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Cynthia McKinney will be leaving the United States Congress in early January of next year, having lost a Democratic primary runoff election to an obscure former county commissioner named Hank Johnson. Also arrayed against McKinney were the entire Atlanta, Georgia and national media. McKinney is anathema to those who insist that racism is a thing of the past, that militarism is a virtue, that poverty is the fault of those who are poor, and that nearly a million Black people are incarcerated because African Americans are simply prone to criminal behavior. 

Those same forces took McKinney’s seat away in 2002, but she made a comeback in 2004. Now she must consider how or if she wants to reclaim the suburban Atlanta seat in 2008.

Georgia is a Diebold voting machine state. These devises “flip” more votes than McDonald’s flips hamburgers – and the flipping is always in one direction: to the candidate on the Right, usually Republicans, but also to Democrats like McKinney’s opponent Hank Johnson, who marketed himself as a politician who would not cause controversy.

“Phantom voters” somehow are allowed the privilege of casting ballots from precincts in which they don’t live, or that are not even in the congressional district. Candidate’s names fail to appear on the screen, or pop up in other districts, where they are not running. Strange things happen in the world of Diebold voting machines. In addition, Republicans have mastered the evil arts of redistricting to manipulate and confuse the electorate. McKinney’s district has been redistricted so often, many voters no longer have any idea which district they live in.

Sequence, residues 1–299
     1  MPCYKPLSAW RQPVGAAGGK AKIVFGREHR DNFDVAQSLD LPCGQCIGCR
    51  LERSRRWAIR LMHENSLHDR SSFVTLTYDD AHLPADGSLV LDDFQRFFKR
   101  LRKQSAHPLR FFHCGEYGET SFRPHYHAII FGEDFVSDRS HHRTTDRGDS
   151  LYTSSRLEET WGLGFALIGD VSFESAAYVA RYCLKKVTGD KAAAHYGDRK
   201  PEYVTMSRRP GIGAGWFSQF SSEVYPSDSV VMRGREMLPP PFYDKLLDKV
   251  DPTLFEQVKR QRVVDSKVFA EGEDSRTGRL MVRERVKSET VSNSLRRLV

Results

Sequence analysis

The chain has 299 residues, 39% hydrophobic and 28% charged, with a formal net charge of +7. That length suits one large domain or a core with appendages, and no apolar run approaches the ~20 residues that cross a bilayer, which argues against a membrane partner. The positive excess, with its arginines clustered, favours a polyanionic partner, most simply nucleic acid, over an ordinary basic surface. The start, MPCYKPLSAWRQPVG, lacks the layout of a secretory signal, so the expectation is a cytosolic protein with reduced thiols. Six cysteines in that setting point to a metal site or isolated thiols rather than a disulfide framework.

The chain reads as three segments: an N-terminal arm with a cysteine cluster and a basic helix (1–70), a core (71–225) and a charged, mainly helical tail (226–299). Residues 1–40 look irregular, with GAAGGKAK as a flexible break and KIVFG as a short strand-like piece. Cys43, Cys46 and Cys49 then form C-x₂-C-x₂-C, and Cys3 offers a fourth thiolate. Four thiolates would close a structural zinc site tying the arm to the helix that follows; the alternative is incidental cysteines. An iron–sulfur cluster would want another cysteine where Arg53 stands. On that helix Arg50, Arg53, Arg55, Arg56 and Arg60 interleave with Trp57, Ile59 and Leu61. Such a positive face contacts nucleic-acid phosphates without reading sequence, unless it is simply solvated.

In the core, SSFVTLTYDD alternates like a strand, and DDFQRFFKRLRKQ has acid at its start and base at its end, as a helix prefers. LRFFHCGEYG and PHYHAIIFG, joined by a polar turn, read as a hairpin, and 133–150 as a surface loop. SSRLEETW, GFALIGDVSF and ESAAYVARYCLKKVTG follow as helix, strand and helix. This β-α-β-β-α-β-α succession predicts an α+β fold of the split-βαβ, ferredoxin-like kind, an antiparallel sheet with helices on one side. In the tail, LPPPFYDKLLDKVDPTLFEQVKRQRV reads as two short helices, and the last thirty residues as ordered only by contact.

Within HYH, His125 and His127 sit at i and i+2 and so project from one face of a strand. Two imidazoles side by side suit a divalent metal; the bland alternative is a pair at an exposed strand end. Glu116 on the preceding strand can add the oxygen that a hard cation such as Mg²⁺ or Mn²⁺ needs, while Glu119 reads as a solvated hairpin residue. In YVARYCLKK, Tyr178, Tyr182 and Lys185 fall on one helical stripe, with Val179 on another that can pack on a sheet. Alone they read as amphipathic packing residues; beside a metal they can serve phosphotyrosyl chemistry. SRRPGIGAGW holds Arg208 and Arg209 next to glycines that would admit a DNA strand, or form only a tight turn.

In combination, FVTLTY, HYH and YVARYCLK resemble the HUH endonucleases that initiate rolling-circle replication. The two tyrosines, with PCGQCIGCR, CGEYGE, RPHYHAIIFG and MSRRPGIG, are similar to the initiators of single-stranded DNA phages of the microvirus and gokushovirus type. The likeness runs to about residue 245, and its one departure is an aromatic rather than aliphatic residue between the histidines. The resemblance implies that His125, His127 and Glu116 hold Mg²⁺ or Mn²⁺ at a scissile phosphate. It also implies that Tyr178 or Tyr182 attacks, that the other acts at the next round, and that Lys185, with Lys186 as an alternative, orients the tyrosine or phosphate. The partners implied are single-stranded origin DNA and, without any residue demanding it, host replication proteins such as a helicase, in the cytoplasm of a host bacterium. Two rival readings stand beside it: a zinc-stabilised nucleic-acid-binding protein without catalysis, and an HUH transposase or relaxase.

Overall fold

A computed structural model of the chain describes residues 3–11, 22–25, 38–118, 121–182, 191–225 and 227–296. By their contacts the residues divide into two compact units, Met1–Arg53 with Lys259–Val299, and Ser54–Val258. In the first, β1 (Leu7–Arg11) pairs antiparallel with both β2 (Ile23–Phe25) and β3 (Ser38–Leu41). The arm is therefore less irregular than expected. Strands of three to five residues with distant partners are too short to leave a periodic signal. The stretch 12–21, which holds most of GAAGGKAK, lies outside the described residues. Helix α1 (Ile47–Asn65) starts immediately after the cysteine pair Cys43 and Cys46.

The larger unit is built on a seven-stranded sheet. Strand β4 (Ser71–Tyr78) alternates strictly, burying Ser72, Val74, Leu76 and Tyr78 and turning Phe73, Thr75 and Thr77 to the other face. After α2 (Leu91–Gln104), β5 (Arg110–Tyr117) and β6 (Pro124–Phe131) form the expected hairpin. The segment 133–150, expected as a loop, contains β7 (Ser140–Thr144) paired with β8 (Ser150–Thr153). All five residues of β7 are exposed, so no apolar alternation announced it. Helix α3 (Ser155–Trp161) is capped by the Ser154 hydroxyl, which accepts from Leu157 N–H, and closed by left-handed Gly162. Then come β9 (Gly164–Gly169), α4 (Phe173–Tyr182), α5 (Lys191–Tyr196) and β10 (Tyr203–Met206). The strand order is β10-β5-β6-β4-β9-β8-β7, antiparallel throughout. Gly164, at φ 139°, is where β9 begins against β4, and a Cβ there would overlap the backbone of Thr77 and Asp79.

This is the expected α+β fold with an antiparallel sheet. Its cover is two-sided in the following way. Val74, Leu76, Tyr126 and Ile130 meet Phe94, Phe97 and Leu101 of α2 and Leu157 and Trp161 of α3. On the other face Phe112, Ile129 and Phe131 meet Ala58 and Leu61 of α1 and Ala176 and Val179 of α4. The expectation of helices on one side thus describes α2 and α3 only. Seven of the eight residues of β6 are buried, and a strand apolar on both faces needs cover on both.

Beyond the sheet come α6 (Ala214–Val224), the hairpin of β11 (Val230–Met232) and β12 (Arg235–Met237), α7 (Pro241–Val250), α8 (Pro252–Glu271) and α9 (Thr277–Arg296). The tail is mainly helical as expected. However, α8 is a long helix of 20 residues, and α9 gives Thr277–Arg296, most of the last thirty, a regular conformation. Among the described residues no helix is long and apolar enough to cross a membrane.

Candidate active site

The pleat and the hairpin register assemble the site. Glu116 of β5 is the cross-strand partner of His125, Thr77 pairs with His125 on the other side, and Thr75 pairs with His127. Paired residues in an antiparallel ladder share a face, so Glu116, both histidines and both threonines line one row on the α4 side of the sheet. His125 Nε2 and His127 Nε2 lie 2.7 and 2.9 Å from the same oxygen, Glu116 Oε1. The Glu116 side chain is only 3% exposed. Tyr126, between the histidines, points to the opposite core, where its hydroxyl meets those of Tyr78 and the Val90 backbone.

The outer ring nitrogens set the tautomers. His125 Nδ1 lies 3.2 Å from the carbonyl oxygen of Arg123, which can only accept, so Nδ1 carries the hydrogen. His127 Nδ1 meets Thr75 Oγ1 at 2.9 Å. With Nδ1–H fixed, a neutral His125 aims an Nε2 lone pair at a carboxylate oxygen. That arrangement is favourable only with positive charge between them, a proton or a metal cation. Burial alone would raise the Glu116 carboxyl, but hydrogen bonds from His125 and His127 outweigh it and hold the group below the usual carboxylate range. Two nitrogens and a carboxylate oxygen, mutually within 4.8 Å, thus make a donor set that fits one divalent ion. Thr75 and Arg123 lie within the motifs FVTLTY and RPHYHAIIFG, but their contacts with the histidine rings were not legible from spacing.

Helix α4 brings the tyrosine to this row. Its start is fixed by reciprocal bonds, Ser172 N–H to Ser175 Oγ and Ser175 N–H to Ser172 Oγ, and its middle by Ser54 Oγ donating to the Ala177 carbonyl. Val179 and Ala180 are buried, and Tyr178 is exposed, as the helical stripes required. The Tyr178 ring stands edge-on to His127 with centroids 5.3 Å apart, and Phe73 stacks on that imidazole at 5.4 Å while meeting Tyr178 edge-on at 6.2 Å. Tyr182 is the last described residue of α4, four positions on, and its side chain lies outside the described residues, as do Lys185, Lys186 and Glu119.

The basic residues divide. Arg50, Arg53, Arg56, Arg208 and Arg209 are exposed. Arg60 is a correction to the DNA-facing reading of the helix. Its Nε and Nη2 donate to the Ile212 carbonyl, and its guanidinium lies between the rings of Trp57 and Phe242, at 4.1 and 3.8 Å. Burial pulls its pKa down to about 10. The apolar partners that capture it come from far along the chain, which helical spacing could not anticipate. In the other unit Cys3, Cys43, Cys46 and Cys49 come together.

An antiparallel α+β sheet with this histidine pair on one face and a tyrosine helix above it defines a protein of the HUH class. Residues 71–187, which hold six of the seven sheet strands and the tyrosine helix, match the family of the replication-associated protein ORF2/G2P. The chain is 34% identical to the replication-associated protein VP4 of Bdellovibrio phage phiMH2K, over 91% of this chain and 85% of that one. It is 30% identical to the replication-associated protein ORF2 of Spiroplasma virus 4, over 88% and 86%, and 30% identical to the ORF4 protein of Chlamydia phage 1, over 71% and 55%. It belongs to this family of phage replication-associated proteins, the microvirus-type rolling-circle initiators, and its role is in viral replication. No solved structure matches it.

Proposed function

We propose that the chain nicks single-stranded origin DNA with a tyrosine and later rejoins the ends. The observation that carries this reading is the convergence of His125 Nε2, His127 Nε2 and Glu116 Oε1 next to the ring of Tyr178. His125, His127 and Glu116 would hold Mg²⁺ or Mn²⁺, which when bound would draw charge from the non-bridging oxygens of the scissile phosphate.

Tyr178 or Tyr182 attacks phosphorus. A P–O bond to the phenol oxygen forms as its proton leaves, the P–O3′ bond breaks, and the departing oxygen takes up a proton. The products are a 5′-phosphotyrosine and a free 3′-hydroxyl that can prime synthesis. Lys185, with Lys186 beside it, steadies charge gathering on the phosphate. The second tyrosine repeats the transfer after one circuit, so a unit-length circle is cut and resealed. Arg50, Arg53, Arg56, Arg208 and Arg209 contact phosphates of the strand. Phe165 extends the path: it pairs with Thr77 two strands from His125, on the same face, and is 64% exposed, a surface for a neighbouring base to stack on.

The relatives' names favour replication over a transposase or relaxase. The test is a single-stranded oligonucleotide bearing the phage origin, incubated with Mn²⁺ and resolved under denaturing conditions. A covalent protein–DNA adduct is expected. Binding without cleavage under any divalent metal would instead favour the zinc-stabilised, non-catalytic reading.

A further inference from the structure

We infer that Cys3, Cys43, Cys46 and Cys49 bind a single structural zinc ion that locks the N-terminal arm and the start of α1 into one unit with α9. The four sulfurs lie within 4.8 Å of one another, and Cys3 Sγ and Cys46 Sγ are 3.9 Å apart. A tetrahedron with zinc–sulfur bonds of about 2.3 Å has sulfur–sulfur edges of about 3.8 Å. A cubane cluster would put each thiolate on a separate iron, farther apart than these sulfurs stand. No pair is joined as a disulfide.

All of these factors worked against Cynthia McKinney. However, none of them explain the appalling low voter turnout that allowed Hank Johnson to run away with the show with only 42,000 votes in an overwhelmingly Democratic district of nearly 600,000 people. Minorities of voters turn out for American elections – the lowest turnout in the industrial world. U.S. elections are not decided on the basis of majority opinion, but which political camp can mobilize the most energetic minority – often far less than 20 percent of registered voters. Energized minorities win. Electoral campaigns must be extensions of actual grassroots movements. That’s how the Right took over, first, the Republican Party and, later, the whole country – not just by possessing mountains of money, but also by tapping into the grassroots rightwing organizations that can mobilize hordes of true believers, and get them to the polls.

If progressives are to defeat rightwing money and political networks, they must build organizations on the ground that work among the people all year long – not just in the few months before election day. In short, progressive electoral politics must function like movement politics. Otherwise, the energized rightwing minority will triumph, again and again. For Radio BC, I’m Glen Ford.

BC Paid Subscribers can visit the Radio BC Master page to listen to any of our audio commentaries voiced by BC Co-Publisher and Executive Editor, Glen Ford. We publish the text of the radio commentary each week along with the audio program.


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August 31, 2006
Issue 195

is published every Thursday.

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